But before I let you all go, I thought I'd give you a teaser - the book blurb for Master of Umbra and an excerpt, courtesy of Poppet...
Deliah is in grave
danger, running for her life from a man who needs her dead, when serendipity
plants her in the path of the Master of Umbra.
Inducted into the mysterious Eagle clan of the Scottish highlands, Deliah is
torn between her fate and destiny when kin clash for her affections. Falling
for the scandalous villain who heads the Berserkers of the Hebrides, her
fragile hope is snuffed out early by revelation and impending war.
The only mantra she can cling to is the one uttered in heartfelt promise; that
love comes back.
Weary after setting Emma up for the night, I walk
into my chambers when a loud purr calls me to my bed. The ragamuffin stretches,
lifting her tail to pad soundlessly over my quilts, pawing at my jeans for me
to lift her.
“Hello Bella, why is your mommy sleeping in daddy
bear's bed?” I whisper, giving her a chin scratch, distracted by Liah curled
into a pillow, exposing the gun for all to see.
Circling the bed quietly, I silently take off my
bloodied shirt as I don't want to alarm her. Peering closer, inspecting her
pale cheeks, it looks to me like she's been crying.
What the hell happened now? I'm in just the right
mood to crack open a few more skulls.
Foul tempered, I shake her, “Deliah? What's the
Brown eyes as dewy as a doe's open to engage my
stare, her dilated pupils contracting against the light, when the waif jumps up
to fling herself at me, clamping my neck with skinny arms and hiding her face
in the crook, giving poor Arrabella enough of a fright to arch her back and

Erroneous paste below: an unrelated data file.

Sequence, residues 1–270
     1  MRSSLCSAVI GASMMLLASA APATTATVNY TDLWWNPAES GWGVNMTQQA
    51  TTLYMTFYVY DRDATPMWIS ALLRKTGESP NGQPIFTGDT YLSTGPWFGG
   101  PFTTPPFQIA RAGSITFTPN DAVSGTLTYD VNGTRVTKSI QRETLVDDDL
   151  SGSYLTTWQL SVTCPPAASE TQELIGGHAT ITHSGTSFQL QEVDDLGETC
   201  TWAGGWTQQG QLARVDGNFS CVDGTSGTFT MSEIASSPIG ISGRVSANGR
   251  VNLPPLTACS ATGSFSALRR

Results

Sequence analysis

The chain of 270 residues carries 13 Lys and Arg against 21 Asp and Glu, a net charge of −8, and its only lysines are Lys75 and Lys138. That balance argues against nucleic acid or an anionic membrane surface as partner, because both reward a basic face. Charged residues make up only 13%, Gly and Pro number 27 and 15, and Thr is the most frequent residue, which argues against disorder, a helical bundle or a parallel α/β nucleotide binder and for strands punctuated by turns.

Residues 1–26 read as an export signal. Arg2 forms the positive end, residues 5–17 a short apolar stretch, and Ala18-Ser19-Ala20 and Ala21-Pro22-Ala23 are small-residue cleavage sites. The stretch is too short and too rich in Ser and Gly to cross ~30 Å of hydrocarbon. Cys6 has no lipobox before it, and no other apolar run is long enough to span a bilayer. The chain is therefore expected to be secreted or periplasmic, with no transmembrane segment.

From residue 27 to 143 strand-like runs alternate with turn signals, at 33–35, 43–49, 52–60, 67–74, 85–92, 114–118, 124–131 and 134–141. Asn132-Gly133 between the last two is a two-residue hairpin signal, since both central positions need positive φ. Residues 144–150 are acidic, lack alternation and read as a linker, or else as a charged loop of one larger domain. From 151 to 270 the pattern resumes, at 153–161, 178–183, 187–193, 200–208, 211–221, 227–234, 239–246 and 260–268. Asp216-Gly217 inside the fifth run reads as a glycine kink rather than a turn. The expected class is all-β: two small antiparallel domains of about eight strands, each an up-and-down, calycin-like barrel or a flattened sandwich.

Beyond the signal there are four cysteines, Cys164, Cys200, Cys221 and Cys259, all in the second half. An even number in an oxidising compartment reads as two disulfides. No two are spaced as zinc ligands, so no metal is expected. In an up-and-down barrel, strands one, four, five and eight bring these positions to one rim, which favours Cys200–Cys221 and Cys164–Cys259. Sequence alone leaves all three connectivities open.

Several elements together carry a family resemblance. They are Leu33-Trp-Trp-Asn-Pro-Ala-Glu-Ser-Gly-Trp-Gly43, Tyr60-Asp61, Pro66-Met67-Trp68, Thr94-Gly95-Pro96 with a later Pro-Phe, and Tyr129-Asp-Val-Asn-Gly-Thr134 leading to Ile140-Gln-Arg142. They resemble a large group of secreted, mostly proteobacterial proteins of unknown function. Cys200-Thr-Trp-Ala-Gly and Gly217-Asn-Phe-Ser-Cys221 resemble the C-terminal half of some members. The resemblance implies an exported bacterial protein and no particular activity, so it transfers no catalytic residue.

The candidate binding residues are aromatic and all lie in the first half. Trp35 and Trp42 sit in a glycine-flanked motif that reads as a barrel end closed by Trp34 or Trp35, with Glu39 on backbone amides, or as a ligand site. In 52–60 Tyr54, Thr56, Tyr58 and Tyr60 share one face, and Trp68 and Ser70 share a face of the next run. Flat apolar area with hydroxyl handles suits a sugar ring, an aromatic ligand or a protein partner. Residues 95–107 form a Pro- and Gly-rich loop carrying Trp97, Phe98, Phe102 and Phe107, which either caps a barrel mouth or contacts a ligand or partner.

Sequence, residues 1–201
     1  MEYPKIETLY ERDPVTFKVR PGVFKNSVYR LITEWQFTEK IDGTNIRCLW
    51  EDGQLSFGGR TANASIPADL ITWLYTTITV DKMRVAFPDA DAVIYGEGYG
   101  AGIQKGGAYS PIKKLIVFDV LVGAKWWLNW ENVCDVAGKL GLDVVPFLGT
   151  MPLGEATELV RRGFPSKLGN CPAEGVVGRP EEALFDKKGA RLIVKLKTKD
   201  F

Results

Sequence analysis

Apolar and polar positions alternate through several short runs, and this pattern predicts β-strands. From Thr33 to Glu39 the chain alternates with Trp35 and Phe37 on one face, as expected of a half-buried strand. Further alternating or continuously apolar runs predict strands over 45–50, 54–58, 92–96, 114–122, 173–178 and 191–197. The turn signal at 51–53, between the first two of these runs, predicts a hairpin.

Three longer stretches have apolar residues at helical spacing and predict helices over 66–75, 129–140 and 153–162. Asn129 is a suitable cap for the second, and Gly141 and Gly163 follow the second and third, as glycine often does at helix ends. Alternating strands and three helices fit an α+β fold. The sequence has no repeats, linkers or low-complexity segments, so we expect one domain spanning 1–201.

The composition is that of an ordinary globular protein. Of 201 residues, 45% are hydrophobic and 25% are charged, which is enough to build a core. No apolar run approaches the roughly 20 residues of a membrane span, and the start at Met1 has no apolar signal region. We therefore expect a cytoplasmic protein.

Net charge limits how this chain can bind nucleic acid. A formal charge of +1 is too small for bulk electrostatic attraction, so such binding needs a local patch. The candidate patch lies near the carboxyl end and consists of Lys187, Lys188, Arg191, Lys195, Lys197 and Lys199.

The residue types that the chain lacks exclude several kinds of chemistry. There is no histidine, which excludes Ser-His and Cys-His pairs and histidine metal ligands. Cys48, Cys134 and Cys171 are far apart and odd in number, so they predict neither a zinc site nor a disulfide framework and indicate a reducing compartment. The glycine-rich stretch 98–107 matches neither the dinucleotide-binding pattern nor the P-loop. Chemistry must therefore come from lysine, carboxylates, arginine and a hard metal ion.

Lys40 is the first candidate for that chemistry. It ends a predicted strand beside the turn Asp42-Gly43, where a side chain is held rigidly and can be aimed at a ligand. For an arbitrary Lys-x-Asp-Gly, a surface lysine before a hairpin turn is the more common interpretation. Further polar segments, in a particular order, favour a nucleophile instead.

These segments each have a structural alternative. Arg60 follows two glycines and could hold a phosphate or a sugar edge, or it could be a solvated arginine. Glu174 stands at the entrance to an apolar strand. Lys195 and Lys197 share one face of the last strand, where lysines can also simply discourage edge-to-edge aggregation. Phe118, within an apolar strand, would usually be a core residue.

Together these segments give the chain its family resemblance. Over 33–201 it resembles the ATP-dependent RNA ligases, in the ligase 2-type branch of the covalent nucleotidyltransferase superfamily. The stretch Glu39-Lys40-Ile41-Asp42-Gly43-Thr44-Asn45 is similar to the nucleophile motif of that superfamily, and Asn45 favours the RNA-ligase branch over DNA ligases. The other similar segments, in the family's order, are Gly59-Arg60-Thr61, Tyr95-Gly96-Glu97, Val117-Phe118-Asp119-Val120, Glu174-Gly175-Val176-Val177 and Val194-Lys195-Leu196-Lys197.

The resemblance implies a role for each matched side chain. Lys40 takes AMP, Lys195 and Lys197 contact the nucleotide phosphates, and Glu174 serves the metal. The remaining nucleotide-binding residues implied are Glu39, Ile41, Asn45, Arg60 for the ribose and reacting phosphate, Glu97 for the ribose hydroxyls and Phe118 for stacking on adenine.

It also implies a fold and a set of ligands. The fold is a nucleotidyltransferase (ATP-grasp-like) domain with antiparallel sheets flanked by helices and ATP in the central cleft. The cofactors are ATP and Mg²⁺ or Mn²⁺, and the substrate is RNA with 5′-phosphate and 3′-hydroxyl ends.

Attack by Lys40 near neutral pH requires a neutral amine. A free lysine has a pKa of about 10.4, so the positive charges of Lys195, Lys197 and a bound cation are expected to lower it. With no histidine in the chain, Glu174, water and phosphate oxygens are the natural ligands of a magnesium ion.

crab-walk to the edge of the bed.
I've expended energy this day to heal Emma and am
not inclined to deplete my reserves to scavenge her mind for the details. She
can just tell me the old fashioned way.
“Sweetheart, tell me what happened.”
“Just...” she sniffs, pulling back from her noose
tight grip to stare vulnerability up at me, kneeling on my bed, precious and
pretty and far too lithe in those thigh hugging jeans. “I feel stupid now.”
“It wasn't stupid if you decided the only safe
place in my kingdom is the king's bed. Who threatened you?”
I’ll be honest with you.
Half the time, I don’t even know what category to put the Pipe Woman
Back when I began writing Seized,
the first book, the point of the exercise was to try my hand at writing an
urban fantasy. I had read a few series
in the genre by then, and it seemed to me that its elements included a female
protagonist who finds herself with some sort of paranormal powers. With those powers, which she might not ever
figure out how to control, she is called on to take sides in what is often a
battle between good and evil. The main
character is usually also the narrator.
And usually, it seems, there’s a shapeshifter in there somewhere –
sometimes it’s the main character, sometimes it’s her love interest, and
sometimes it’s both.
As an added bonus, if there’s a smokin’ hot relationship going on,
and a “happily ever after” ending, you could also call the book a paranormal
So I designed the series along those lines. Naomi Witherspoon tells her story in first
person. She’s a successful lawyer and an
even more successful mediator; she’s got a handsome boyfriend who’s a bit of a
jerk, but he’s just proposed to her, so yay; and then out of the blue, a Lakota
Sioux goddess enhances her powers of persuasion so that she can mediate a